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Coen Brothers’ films: More than meets the eyes

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A film has a lot more to say and offer than just the audio and visuals on the screen if you delve deeper into it. There’s a projection of vivid imaginations and ideas of every creative individual attached to a particular film.

Every subtle decision in filmmaking has a deeper and lasting impact which sometimes isn’t as tangible as we would like it to be, still it lurks in the depths of the things we often fail to realize.

If we take a look at the filmography of the Coen Brothers we see that there is a certain trait that follows in most of their films, the way their cinematic world is shown is distinctive and unique. It certainly has become a tell-tale sign of their film. The way they block a scene can be easily termed as adding a fantasy element to the otherwise mundane everyday life. In THE BIG LEBOWSKI by the time we understand what’s going on and how the characters react, we understand them by just looking around them. Though two of the main characters have the same name, their personality is profoundly emphasized in the background and the atmosphere they surround themselves in.

Other characters have their own traits but the visual comparisons of two people with contrasting nature with the same name, misunderstood to be each other, cannot be simply ignored.  In their film NO COUNTRY FOR OLD MEN Anton Chigurh is shown as a ruthless assassin but there’s a humanizing side to his character as well. It isn’t one dimensional as we’ve been bombarded with the recent films which lack any character depth lately. As is the case with the film, A SERIOUS MAN, we see an orthodox Jewish man trying his best to take control of his life and failing miserably. This has been done over and over by many filmmakers but the Coen Brothers rendition of the subject speaks volumes when it adds a mystique to the unpredictability of a regular life.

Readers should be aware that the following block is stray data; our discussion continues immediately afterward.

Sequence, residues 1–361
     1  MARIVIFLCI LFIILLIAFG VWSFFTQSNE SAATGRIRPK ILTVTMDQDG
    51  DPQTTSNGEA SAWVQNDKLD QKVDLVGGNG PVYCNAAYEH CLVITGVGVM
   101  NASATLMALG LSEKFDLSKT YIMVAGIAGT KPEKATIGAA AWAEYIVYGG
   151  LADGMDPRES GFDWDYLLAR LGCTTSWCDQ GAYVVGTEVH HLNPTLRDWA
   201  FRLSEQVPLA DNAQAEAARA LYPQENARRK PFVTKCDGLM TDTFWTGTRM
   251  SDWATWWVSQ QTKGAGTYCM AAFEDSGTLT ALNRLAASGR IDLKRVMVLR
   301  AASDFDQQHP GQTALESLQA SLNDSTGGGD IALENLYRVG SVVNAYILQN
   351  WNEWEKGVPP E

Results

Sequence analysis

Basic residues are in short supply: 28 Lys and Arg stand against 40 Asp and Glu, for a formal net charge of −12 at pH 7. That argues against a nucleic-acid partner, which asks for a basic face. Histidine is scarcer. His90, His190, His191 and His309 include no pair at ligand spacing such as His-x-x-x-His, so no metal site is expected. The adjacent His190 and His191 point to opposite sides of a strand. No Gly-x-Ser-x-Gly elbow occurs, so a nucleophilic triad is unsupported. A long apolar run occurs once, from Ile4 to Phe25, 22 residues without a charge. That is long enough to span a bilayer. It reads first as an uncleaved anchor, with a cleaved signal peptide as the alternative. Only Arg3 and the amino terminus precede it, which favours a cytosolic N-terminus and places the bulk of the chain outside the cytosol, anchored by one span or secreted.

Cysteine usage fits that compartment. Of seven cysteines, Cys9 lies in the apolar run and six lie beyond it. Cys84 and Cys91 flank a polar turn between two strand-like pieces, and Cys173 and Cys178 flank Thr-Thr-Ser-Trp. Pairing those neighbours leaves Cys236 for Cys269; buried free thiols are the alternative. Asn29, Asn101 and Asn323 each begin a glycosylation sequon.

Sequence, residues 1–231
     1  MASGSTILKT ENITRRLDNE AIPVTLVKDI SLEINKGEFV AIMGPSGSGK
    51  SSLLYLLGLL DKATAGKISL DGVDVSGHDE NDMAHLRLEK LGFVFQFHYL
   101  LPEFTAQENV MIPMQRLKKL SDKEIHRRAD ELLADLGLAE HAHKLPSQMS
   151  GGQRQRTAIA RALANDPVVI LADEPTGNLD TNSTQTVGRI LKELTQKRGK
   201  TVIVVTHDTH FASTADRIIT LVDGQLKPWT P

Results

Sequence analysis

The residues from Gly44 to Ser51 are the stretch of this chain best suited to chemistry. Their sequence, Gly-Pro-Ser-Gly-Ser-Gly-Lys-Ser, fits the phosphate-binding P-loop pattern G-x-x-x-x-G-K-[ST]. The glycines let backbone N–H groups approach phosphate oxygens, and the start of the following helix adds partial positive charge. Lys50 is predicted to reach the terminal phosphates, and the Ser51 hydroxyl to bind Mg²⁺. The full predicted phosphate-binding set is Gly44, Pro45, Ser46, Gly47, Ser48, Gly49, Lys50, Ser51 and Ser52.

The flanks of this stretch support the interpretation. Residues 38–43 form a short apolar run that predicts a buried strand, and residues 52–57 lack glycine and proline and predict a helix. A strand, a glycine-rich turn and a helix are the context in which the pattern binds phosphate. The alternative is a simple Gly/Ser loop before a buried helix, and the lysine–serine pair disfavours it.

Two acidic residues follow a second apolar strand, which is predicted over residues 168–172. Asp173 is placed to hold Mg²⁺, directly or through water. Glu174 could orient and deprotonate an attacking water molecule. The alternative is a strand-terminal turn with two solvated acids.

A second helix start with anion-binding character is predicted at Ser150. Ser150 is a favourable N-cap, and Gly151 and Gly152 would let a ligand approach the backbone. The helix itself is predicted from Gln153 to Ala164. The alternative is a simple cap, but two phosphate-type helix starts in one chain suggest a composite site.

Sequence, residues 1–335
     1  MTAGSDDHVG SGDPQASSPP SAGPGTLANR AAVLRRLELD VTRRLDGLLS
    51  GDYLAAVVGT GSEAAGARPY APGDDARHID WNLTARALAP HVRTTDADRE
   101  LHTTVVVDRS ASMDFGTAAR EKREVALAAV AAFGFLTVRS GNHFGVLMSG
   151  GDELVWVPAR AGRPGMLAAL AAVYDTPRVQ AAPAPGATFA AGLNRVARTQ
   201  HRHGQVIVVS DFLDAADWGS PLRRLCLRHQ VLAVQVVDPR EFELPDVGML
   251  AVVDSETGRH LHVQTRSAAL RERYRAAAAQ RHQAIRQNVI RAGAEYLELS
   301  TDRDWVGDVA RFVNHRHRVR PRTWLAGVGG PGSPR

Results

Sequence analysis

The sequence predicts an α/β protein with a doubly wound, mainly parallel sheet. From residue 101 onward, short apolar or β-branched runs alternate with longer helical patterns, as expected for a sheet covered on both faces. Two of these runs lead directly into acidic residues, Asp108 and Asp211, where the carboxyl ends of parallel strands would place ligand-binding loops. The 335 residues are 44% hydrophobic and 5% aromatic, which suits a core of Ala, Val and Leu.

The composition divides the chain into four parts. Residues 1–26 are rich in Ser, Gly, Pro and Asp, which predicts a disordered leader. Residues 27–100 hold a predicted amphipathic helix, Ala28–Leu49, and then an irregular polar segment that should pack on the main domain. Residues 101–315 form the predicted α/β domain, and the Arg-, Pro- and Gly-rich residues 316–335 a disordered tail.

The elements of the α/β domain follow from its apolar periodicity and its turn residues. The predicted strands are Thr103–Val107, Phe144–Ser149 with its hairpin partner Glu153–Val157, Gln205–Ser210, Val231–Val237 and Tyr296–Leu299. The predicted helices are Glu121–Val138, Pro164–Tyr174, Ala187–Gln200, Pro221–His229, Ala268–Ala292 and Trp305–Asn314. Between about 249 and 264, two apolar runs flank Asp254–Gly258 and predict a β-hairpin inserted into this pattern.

It’s their story telling approach where we find ourselves involved, where we can relate to each character and believe in the minuscule attributes that separate the veterans from the amateurs.

Their films have a visual language of their own which screams out loud without touching upon the narrative of the film or distracting us from the story. Their frequent collaboration with cinematographer Roger Deakins solidifies the assumption that only a handpicked people try to think beyond the ordinary and that a film is more than just lights, camera and a bunch of people in one frame. A film by them is a new chapter in their ever evolving cinematic world.

 

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